Fascinating article on the Vox blog with the very un-fascinating title of Parametric Estimation of the World Distribution of Income. In case you couldn't guess, Vox is a site for and by economists.
The chart below is from the article and shows the dramatic decline in the global baseline poverty rate, which is defined as those living on less than $1 per day.
While South East Asia has done the best job at reducing poverty, poverty reduction happened all over the world during this time frame. According to the article:
"From 1970 to 2006, poverty fell by 86% in South Asia, 73% in Latin America, 39% in the Middle East, and 20% in Africa."
The article also reports that the global Ginni Coefficient, a measure of world income inequality, fell substantially during this time frame (meaning global incomes became more equal).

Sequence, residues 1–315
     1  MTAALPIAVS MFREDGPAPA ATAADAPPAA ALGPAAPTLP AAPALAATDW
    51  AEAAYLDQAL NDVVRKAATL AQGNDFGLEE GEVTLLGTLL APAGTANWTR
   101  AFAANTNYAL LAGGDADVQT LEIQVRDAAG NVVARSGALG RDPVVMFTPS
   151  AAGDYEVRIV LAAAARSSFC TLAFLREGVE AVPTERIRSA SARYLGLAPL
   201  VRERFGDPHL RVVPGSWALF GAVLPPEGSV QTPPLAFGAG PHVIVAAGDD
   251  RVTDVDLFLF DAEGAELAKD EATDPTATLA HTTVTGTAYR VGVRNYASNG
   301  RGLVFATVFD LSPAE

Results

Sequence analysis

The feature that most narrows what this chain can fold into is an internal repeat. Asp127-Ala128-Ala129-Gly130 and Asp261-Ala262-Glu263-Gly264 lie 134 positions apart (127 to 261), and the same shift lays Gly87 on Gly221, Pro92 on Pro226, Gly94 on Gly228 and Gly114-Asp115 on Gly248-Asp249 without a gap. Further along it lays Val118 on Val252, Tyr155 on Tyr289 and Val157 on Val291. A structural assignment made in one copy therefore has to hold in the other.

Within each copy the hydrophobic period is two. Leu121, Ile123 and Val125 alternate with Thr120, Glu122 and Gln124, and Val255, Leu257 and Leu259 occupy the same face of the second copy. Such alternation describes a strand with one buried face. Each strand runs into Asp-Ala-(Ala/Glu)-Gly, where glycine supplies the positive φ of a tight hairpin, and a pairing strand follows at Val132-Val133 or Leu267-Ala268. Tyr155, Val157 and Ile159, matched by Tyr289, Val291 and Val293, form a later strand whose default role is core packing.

Obviously there is still a lot to do on the global poverty front. But this is still good news.
A long term driver of change we follow closely is economic decentralization. A major component of this trend is the growing economic power of the developing world.
Led by China, India and others in South East Asia, the developing world's share of global GDP has consistently increased over the last few decades. Many believe their share of global GDP will exceed that of the developed world by 2030. This shift is driving a wide range of economic and social changes across the globe.
This data nicely illustrates one part of this trend and helps explain why we believe the next decade will see substantial increases in global trade and small business globalization.